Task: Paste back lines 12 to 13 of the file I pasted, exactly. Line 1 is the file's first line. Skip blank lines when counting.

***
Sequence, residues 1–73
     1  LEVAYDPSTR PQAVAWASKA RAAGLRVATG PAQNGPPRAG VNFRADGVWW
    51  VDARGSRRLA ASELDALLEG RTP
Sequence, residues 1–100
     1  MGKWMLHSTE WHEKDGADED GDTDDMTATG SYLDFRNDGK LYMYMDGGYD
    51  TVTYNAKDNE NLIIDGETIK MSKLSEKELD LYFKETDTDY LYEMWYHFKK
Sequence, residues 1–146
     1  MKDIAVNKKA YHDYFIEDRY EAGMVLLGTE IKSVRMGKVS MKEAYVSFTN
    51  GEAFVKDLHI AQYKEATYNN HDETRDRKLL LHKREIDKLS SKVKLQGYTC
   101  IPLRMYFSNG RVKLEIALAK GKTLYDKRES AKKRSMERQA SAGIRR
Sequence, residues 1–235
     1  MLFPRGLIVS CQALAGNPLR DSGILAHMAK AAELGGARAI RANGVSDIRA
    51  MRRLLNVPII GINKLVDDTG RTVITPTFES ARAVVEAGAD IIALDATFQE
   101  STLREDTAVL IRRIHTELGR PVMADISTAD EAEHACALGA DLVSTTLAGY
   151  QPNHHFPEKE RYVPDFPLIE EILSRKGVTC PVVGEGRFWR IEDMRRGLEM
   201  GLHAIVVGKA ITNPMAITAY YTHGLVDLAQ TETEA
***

     1  MLFPRGLIVS CQALAGNPLR DSGILAHMAK AAELGGARAI RANGVSDIRA
    51  MRRLLNVPII GINKLVDDTG RTVITPTFES ARAVVEAGAD IIALDATFQE